Why do readers love to read about rogues and unscrupulous heroes in fiction? Is there something about an unprincipled cad that intrigues us? I say yes, but only if a rebellious heroine tames him through her undeniable beauty, wit and charm. If she comes with her own warts and flaws, all the better. Characters should not be the epitome of perfection. Moreover, this reader is not buying main characters who are faultless and absolute. Everyone wavers between good choices and bad, between darkness and light. We all have a perceived devil with horns that resides in our psyche, tempts us day in and day out to turn away from what we know in our hearts is the "right" path to take. Circumstances sway us, rationalization that one faux pas does not make us corrupt or godless.
In Sojourn With a Stranger, our hero, Derek Stafford had one goal in life--to produce and heir so he can inherit land and title. He's cold and manipulative when the story begins, and not likeable to the reader.
Raine Brinsley, on the other hand, is stalwart, principled and innocent. But circumstances have changed her life and the tenets she's always lived by. (Ah-ha! That little man with horns tempts her to turn from those tenets). Penniless and alone now that her parents drowned at sea, she has to survive, right, and there's only one person in her life that matters now, her ailing, loveable grandfather in Maine.
Derek finds her lovely, possessed of the physical traits he'd like to see in his child. His child. So he makes her an offer--bear my child and I'll give you an enormous sum of money. She wavers and thinks about what she could do with all that money. Return to Maine, seek proper medical attention for her grandfather . . . and wipe every memory of Derek from her mind.
Life seldom turns out the way we'd like, and choices are not always for the greater good. Why? Because the good we see in others changes us, makes us question the choices we've made in our own lives. And because we are human--we fall in love, allow our hearts to overrule logic and the best-laid plans.
Here's an excerpt from Sojourn With a Stranger, a romantic suspense with voodoo, ghosts, mystery and murder. And, oh, yes, darkness and light, good versus evil, and most of all redemption.
Setup: Derek's brother Lyman, visits a voodoo priestess and demands she read tea leaves for clues of his future. He must know what obstructs his path in producing an heir before his brother does. The results of the reading appear as a rhyme or riddle he must solve.
The room smelled of incense and of various pungent herbs boiling in a cauldron over the hearth. Clad in a black silk shift, cut into a deep V that called attention to her plump breasts, the effect against her pale skin summoned Lyman’s carnal appetite. Tall and slender, Zaira’s slightness belied an inner strength of self-reliance and savoir-faire. Her long hair was the color of a raven’s wing, her features small and well defined. An exotic aura defined her. Lyman imagined every man who had ever looked at her wanted her, including him.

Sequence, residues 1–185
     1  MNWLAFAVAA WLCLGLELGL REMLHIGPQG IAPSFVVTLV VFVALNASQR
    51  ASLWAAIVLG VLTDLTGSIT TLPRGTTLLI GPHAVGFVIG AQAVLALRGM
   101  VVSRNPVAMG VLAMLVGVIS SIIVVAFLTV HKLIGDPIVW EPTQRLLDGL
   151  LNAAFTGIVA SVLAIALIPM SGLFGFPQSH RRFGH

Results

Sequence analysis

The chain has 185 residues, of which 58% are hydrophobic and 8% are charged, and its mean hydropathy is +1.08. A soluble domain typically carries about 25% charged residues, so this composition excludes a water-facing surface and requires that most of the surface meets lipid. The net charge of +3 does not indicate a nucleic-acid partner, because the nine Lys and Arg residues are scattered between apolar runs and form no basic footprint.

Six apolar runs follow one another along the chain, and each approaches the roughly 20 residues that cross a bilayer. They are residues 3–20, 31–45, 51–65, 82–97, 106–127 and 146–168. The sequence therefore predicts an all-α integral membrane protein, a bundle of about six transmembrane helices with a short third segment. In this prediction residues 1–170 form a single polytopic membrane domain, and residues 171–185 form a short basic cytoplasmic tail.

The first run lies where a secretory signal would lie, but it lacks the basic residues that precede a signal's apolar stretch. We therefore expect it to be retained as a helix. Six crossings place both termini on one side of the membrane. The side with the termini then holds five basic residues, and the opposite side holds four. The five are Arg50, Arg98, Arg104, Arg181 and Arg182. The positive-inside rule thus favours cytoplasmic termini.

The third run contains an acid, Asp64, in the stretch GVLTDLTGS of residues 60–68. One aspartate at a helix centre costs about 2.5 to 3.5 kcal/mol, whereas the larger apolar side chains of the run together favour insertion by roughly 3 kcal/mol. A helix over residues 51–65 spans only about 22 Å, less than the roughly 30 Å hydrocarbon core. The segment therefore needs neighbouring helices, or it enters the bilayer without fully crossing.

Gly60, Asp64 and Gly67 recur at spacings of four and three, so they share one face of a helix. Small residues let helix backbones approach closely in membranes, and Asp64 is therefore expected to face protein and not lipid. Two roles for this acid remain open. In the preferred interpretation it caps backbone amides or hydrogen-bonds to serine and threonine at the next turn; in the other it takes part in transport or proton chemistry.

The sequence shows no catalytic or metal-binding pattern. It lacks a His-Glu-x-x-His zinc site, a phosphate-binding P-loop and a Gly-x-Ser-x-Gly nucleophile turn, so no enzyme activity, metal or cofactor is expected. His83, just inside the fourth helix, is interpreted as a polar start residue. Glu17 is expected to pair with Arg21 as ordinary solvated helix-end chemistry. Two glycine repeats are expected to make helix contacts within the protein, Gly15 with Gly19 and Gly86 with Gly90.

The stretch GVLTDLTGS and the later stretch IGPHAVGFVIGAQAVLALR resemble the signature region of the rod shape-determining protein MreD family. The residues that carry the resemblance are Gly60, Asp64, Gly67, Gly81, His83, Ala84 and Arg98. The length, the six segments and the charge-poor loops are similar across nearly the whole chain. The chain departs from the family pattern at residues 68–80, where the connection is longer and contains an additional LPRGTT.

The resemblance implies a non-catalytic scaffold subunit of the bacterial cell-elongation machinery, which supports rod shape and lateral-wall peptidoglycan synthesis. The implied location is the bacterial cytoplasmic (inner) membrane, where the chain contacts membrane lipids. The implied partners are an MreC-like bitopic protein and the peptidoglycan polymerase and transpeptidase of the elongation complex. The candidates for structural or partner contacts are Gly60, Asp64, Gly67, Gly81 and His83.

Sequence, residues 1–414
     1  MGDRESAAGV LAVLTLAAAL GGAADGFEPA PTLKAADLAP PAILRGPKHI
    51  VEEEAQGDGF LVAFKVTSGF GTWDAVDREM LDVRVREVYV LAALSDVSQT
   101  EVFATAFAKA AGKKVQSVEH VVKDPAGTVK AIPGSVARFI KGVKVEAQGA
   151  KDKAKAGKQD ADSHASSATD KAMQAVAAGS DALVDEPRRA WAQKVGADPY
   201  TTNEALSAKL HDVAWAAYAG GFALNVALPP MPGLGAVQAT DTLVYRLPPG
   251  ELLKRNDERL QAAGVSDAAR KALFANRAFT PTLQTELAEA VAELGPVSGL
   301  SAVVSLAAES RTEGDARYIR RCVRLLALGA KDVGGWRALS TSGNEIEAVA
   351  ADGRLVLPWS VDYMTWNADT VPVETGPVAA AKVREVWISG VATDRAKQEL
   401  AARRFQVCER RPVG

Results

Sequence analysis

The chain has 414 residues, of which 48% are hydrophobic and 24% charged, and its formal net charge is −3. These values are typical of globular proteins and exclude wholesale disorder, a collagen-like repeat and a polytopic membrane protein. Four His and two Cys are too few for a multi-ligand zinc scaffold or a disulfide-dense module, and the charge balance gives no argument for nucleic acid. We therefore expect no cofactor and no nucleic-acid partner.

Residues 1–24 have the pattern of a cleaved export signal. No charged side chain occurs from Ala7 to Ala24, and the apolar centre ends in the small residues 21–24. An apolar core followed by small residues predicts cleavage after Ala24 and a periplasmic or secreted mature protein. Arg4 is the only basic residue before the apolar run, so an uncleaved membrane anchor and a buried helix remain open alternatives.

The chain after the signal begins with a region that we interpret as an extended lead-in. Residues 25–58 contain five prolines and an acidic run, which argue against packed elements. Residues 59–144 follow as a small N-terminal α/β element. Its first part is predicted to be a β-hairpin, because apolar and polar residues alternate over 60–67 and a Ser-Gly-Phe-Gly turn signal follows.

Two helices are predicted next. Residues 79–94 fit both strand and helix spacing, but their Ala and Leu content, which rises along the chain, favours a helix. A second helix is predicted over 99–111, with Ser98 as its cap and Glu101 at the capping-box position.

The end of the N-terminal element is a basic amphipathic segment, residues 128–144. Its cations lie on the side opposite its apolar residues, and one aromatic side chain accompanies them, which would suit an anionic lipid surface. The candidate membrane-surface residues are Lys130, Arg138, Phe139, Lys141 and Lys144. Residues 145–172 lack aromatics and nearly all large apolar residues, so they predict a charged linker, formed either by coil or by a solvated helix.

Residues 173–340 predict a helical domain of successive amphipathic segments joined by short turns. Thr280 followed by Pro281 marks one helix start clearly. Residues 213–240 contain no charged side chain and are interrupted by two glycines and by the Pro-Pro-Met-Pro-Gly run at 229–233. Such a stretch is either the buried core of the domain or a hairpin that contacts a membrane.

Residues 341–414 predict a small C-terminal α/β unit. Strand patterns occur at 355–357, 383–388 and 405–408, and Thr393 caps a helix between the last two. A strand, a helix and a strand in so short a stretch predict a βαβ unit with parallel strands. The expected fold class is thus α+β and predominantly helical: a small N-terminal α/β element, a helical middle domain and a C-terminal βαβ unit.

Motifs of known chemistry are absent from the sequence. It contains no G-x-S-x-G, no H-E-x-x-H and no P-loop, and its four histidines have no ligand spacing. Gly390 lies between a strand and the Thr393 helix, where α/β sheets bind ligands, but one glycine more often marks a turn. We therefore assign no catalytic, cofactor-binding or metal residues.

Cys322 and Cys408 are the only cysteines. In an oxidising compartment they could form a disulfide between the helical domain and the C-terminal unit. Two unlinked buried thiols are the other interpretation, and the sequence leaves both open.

"Get to the point, Zaira."
Her haughty air had always incited him. "I thought perhaps you threw the riddle away. I warn you, Lyman, the hour is upon you and the riddle must be solved."
"What on earth are you babbling about?"
She shuttered her eyes, reminding him of a cat. "Messages in the tea leaves, the symbols revealed during the readings."
"Tea leaves, indeed." He clenched his teeth. "Very well, appease me. What did the heathen ritual reveal?”
A smirk curled her erotic mouth.
"How does it work, Zaira? Educate me."
"Reading the leaves is a form of foretelling. My grandmother taught me to interpret the symbols and patterns."
“Ah, yes the wild gypsy who bore your insane mother out of wedlock.”
“Who are you to look down on my family? What about your brother’s wife, Lucinda? A woman fit for Bedlam.”
He dropped his voice and drew the words out. “Yes indeed, poor Cinda. There is a difference though. Derek’s wife was not of my blood.”
“Bastard,” she muttered.
With feigned disinterest he asked, "Do you want to spar all day or tell me how you interpret the leaves?”
"The leaves are dropped into a cup of hot water and I drink it." She licked her bottom lip, and his cock twitched.
"How methodically scientific," he said sarcastically.
"A small amount of liquid is left in the bottom of the cup with the leaves."